The .NET Model View Controller (MVC)


(disclaimer for the next 3 paragraphs: I know that MVC has been around sooner on Ruby on Rails than .NET. Just put all the MVCs in a bag and pretend that I'm talking about all of them at once)

I once heard something really hurtful (at that time) from some smelly game developers: "Web developers are not real programmers". Sure, I've come across many lazy web developers because I feel web development is more accessible for the mass (I'm sorry). Sure with some time game developers can do web sites on their own and I know that the other way around is not necessarily true. But in 2K, I must admit that it was nonsense (at least for me)... no methodologies, no structure, no real code reuse, no architecture. Anybody could do a website. The only goal was to deliver as fast as you can and be paid as low as they can. After all, web is easy. Our profession has since matured because we sat down to think of it (excluding myself in the "we").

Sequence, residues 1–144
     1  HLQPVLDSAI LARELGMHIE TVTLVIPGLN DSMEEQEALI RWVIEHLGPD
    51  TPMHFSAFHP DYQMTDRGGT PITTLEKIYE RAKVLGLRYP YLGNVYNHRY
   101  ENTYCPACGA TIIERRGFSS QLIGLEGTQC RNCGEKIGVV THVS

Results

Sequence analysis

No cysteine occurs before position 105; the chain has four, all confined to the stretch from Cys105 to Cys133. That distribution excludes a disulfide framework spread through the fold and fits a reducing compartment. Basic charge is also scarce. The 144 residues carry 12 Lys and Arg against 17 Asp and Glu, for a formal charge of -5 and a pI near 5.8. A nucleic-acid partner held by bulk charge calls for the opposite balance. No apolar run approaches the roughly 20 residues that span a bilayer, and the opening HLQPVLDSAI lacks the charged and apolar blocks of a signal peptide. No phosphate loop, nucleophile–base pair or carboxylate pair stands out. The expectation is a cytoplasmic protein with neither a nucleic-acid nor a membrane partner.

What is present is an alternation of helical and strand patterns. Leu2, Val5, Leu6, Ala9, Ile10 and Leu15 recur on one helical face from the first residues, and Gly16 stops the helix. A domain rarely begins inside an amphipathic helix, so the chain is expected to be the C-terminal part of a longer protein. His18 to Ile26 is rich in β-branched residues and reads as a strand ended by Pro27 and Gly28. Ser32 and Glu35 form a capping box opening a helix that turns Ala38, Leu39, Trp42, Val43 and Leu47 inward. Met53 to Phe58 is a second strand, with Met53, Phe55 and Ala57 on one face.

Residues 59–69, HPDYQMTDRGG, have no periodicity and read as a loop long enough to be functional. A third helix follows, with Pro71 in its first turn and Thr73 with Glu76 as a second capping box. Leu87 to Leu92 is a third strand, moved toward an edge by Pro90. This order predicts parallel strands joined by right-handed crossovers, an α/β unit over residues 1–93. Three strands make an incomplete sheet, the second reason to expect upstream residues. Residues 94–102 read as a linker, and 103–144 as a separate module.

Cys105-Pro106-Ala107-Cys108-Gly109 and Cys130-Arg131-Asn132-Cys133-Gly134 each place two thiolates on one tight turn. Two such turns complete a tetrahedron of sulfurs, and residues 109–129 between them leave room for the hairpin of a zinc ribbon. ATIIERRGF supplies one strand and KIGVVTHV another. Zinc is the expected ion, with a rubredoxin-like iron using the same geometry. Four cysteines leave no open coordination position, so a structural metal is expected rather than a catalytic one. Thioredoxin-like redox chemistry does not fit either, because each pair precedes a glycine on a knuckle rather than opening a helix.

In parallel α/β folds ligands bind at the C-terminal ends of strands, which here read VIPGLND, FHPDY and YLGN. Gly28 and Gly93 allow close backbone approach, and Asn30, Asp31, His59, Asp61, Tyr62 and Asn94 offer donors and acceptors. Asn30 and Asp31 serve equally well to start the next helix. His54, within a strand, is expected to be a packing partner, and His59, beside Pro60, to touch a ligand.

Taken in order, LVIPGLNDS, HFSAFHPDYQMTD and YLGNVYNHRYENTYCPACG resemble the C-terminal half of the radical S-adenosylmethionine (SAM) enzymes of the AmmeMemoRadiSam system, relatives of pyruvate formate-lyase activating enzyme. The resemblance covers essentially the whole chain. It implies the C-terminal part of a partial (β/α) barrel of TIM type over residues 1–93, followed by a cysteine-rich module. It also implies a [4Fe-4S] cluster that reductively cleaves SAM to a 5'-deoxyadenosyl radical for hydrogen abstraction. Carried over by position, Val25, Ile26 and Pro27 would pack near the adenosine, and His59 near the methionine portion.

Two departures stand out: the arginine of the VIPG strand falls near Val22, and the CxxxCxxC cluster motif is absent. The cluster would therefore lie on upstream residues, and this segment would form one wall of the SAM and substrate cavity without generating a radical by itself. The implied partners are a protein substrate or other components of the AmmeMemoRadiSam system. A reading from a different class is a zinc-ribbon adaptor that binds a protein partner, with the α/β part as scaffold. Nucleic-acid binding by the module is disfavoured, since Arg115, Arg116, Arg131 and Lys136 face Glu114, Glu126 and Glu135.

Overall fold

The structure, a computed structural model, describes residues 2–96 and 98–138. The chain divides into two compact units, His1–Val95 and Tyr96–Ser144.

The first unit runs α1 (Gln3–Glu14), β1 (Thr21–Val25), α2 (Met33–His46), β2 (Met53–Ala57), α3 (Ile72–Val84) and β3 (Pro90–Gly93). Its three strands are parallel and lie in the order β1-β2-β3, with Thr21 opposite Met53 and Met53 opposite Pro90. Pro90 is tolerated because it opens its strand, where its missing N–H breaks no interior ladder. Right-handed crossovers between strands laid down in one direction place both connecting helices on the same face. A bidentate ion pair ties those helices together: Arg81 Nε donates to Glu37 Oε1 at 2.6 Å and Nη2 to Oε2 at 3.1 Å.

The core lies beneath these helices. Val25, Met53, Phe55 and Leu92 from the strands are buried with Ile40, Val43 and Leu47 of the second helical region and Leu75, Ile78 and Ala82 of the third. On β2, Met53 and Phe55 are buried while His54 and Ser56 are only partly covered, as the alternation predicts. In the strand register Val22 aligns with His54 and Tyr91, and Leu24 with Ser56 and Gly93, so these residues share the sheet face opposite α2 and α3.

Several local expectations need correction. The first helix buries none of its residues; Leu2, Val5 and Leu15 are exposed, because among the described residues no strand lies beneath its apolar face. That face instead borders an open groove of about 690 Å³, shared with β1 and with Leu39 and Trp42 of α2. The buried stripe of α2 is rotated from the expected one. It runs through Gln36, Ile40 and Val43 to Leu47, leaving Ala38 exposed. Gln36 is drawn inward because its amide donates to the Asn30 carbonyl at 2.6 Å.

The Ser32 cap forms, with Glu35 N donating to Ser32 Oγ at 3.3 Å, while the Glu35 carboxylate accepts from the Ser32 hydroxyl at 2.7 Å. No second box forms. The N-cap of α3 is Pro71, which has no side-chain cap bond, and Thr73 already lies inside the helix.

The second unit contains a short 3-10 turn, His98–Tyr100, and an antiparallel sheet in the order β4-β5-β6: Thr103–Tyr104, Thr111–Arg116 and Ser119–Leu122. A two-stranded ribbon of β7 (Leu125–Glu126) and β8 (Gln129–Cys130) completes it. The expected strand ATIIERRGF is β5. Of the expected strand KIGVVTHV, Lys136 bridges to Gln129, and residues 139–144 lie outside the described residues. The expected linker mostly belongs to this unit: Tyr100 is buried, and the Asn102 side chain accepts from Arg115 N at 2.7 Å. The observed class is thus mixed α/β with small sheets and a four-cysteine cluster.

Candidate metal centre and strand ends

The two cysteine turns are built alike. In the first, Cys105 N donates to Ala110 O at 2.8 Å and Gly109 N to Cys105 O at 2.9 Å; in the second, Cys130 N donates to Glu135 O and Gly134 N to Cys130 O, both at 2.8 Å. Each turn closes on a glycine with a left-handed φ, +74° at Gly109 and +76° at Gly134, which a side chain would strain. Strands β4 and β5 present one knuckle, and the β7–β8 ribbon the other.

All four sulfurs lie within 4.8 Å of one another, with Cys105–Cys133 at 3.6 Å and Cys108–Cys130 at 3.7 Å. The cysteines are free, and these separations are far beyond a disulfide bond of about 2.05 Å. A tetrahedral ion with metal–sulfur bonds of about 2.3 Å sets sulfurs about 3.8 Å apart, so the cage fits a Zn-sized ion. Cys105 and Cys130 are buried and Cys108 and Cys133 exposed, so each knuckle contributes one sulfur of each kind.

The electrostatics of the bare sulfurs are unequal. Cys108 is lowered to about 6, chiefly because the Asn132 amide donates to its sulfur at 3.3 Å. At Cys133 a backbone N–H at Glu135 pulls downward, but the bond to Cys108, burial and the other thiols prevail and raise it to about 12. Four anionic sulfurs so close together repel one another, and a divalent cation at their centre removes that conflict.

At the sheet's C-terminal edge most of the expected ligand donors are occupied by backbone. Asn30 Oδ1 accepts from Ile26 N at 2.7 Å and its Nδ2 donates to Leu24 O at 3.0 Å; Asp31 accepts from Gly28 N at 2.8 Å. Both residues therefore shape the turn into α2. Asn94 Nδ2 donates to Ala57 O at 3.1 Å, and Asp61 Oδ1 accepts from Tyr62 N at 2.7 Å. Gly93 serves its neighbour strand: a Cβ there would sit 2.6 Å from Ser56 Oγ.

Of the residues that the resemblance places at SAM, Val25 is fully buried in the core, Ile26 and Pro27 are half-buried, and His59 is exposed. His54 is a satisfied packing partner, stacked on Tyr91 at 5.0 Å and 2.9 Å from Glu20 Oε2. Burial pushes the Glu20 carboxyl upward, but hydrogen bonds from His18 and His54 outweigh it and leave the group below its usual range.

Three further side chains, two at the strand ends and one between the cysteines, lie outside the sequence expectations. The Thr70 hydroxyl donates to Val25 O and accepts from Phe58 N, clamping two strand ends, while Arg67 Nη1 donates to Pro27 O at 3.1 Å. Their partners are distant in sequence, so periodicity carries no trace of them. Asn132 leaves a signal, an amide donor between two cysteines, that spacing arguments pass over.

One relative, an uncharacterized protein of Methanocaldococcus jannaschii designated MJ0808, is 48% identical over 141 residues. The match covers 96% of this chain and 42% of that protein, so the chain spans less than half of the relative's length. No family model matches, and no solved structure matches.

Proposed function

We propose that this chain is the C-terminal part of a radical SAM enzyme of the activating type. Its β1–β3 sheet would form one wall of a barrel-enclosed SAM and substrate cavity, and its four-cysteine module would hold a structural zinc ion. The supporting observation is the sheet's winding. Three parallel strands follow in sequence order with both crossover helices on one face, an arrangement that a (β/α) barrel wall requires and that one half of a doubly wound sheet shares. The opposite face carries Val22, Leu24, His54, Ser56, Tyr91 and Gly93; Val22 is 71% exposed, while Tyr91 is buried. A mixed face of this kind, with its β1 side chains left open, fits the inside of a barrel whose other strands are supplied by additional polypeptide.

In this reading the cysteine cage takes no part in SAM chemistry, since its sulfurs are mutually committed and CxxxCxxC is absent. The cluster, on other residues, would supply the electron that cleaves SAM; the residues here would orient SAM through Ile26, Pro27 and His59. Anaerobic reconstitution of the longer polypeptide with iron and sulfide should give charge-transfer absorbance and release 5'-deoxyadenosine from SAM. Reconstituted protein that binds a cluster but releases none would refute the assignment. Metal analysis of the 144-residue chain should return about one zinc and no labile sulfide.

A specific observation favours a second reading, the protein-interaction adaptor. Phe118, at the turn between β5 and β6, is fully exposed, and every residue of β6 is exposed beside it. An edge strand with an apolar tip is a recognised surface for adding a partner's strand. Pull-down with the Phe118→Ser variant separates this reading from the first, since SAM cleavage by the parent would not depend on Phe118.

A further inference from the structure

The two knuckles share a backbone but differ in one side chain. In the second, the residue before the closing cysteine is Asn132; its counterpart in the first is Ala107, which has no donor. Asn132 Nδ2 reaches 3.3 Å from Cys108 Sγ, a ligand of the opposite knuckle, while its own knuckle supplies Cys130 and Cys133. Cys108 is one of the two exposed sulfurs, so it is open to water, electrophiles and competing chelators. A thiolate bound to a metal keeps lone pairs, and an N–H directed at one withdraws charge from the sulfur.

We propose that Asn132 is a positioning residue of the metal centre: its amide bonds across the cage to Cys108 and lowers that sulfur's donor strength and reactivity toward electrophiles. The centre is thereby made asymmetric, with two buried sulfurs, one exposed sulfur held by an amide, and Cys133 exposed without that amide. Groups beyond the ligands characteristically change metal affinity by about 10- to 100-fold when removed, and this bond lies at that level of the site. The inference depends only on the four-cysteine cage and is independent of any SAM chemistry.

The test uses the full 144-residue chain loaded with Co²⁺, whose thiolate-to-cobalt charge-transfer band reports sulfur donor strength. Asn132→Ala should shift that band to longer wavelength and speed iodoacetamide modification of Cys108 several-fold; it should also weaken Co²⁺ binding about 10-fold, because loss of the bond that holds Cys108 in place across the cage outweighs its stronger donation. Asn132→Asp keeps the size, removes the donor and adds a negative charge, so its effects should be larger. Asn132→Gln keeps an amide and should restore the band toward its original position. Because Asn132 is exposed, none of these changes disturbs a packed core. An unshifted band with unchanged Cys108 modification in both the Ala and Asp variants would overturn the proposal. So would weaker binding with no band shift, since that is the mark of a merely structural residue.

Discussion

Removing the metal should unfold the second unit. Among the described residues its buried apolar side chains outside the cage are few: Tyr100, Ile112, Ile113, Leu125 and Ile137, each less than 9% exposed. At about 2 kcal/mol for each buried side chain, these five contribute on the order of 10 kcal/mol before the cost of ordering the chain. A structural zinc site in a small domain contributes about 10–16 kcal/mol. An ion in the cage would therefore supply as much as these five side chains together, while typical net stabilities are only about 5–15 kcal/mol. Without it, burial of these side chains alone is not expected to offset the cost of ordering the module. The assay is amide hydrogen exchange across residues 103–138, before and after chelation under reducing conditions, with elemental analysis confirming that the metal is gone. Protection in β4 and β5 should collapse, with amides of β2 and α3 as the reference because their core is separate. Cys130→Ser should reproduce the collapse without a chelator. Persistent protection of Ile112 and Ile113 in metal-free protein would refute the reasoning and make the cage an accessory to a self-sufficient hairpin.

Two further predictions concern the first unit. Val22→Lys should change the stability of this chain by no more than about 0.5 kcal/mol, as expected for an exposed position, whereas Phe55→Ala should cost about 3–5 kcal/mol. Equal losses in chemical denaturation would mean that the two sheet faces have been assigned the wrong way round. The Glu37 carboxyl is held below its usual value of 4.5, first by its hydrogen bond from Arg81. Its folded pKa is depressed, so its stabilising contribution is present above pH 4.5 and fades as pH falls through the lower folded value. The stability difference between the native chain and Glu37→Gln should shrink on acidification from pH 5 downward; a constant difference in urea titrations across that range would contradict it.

I think technologies and concepts had a role in the transformation of the web site creation process. Since the web is a matter of requests and responses, I think that nobody saw the necessity of having a big set of object-oriented objects to be instantiated and connected together to deal with the business rules knowing that 10 milliseconds later it would be destroyed at the end of the request. It was hard to follow the "regular" design principles without doing some kind of over-design when applied to the web. So with time some concepts appeared that were more and more suited for the web.

So... where am I going with all this? I think MVC is one of the concrete symbols resulting of that needed change. To me it's not just another comparable features by features framework. It goes beyond that. It has history behind it and it acts as a proven point when I say that it was nonsense back in the days. The form to join my sect is at the end of this article. Just kidding, but seriously, the web has more and more of its share of design principles.